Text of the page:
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A Severe Verdict That Didn’t Go Far Enough

The conflict now known as the Second Lebanon War began two years ago, on July 12, 2006, and ended 34 days later, on August 14. On September 17, following weeks of intense public anger over the war’s inconclusive ending, the Israeli Cabinet appointed a five-member government commission of inquiry into the war’s conduct, known, after the name of its chairman, as the Winograd Commission.

As a member of the commission, looking back from the vantage point of the war’s second anniversary, I am struck with a sense of regret at what Israel failed to achieve. The commission was appointed because of a widespread conviction that the war was in many respects a failure. Our inquiry largely confirmed that view. We were authorized to make recommendations for future improvement, and given broad tools for that purpose. And, yet, Israel has not drawn some of the crucial lessons nor made the changes we thought most necessary on the governmental level — particularly those pertaining to the quality of its leadership and to the need for high-quality professional staff for the political echelon.

Our commission was unique in the history of investigative commissions worldwide. Its mandate was to examine the performance of both the political and security echelons during the Second Lebanon War and the period leading up to it. All documents, however classified, were open to it, with no exemptions for executive privilege. The commission was authorized to call any individual to testify under a formal warning equivalent to an oath, up to and including the prime minister, who was interrogated personally for seven hours.

The commission submitted an interim report to the government in April 2007, with devastating findings and many recommendations for improvement. It was followed by a final report, no less harsh than the interim report and with additional recommendations, in January 2008.

After the interim report shocked top politicians with its unexpectedly blunt findings, some legal limitations were imposed by Israel’s Supreme Court. Accordingly, the final report avoided explicitly assigning personal blame or recommending consequences for specific individuals. Had the commission wanted to do so, in my view, such findings could have been inserted using institutional language, but the commission members chose not to do so explicitly. Still, the final report was very severe in its conclusions. It endorsed all the findings and recommendations of the interim report and clearly assigned institutional blame for the failures. Notably, the prime minister was cleared of the suspicion that he had ordered certain last-minute military actions — in which 30 Israeli soldiers were killed — for domestic political reasons.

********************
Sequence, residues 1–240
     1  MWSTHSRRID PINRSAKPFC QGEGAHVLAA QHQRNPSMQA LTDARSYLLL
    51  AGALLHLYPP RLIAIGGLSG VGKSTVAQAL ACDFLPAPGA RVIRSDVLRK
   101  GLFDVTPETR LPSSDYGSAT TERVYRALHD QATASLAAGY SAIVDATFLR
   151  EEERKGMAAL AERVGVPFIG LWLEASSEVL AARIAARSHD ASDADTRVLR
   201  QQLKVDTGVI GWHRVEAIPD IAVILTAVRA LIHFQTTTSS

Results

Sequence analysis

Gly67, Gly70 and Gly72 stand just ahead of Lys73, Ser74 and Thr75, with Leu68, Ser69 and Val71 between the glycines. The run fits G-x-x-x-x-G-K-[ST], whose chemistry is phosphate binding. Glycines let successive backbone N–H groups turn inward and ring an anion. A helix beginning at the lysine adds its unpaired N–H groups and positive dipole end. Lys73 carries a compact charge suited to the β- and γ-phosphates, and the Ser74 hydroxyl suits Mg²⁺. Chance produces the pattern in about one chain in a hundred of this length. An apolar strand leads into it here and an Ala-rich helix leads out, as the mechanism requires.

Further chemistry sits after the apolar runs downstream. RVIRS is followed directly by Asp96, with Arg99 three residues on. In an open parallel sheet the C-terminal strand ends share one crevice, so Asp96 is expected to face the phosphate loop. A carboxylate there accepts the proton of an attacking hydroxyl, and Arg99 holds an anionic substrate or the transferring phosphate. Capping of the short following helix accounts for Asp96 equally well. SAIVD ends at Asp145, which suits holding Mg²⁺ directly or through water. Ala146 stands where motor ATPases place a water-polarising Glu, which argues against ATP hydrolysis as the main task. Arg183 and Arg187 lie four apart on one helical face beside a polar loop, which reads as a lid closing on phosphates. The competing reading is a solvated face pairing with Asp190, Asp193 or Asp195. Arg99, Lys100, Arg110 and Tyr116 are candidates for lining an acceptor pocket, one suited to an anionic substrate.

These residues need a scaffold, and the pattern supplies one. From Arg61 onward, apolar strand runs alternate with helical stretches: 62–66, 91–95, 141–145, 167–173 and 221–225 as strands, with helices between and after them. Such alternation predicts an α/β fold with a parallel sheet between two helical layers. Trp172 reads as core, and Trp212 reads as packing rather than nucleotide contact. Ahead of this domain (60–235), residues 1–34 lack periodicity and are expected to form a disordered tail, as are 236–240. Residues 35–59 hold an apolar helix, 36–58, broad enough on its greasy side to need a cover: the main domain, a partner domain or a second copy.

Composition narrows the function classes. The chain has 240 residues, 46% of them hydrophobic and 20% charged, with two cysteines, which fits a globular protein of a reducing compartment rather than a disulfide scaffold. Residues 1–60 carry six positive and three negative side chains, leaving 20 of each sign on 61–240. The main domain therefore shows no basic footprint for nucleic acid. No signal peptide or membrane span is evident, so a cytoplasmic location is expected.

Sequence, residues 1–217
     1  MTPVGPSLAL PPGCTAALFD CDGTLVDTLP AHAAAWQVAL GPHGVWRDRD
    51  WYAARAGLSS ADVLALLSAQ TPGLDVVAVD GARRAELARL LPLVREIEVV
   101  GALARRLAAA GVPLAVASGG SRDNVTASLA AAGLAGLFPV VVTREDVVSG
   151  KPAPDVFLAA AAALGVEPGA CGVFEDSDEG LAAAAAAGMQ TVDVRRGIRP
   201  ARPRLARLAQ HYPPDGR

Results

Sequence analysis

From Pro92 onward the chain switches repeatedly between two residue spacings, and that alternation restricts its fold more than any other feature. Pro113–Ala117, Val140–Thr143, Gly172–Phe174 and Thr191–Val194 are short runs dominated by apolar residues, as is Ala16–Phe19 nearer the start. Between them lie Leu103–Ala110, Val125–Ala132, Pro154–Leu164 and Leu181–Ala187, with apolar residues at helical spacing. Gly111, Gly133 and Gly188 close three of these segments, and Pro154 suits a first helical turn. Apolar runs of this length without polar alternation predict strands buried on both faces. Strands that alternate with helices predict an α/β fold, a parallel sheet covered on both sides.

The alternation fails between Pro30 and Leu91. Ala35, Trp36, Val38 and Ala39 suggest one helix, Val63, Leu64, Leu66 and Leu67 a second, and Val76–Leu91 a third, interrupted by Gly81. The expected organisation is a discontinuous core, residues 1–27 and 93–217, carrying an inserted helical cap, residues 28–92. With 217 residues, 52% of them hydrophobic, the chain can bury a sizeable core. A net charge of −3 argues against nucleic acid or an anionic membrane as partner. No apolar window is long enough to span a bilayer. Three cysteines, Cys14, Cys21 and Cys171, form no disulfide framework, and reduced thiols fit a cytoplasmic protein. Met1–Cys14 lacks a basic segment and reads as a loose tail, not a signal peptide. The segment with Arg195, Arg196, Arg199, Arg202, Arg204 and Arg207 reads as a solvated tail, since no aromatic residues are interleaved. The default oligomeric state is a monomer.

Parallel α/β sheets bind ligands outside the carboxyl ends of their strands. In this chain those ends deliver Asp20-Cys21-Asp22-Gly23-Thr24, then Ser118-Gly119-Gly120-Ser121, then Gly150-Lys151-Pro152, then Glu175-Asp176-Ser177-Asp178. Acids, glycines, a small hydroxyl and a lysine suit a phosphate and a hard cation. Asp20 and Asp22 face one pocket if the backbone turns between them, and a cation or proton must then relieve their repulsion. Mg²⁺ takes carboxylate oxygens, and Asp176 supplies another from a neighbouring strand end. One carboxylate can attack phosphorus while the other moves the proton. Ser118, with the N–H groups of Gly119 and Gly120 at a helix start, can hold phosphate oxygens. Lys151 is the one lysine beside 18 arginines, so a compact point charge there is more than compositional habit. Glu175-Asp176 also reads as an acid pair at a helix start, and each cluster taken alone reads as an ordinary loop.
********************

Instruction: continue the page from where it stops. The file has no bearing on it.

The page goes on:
As the Arab media noted, the establishment of the commission and its reports demonstrated that Israel is a society that learns from its mistakes. Indeed, as a result of the commission, many improvements have been made. But some critical recommendations were ignored.

The commission’s main findings, which were also presented in the unclassified and publicly available version, were shocking: The war was largely mismanaged. Despite some very impressive achievements, overall the war was a badly missed opportunity. The behavior of the political echelon had many elements of a fiasco. The failures were Israel’s fault, as neither the international community nor bad luck intervened.

As found by the commission, the prime minister misdirected the war, showing a serious lack of strategic thinking. The defense minister was ignorant about defense issues. The Cabinet and its committees did not really know what they were deciding most of the time. Army recommendations were, with a few important exceptions, accepted without any serious attempt to secure second opinions. The chief of staff imposed a wrong doctrine. The army was not well prepared. The land forces performed, in part, poorly. The navy let its most modern ship be hit by a missile because of a lack of minimum prudence.

There were also many successes: in intelligence, air force operations, bravery of soldiers and officers and more. Some regard the August 11 adoption by the U.N. Security Council of Resolution 1701 — calling for a cease-fire and ordering Hezbollah forces to move north of the Litani River — as an important achievement. On the whole, however, the war was more of a failure than a success. True, other, much stronger countries have failed in asymmetric high-intensity conflicts. But this is no excuse.

The failures did not result from a lack of Israeli military capacities, only a small part of which were used, but from their incorrect application. The mistakes were primarily strategic, for which the government bears most of the responsibility, along with the highest levels of the military command.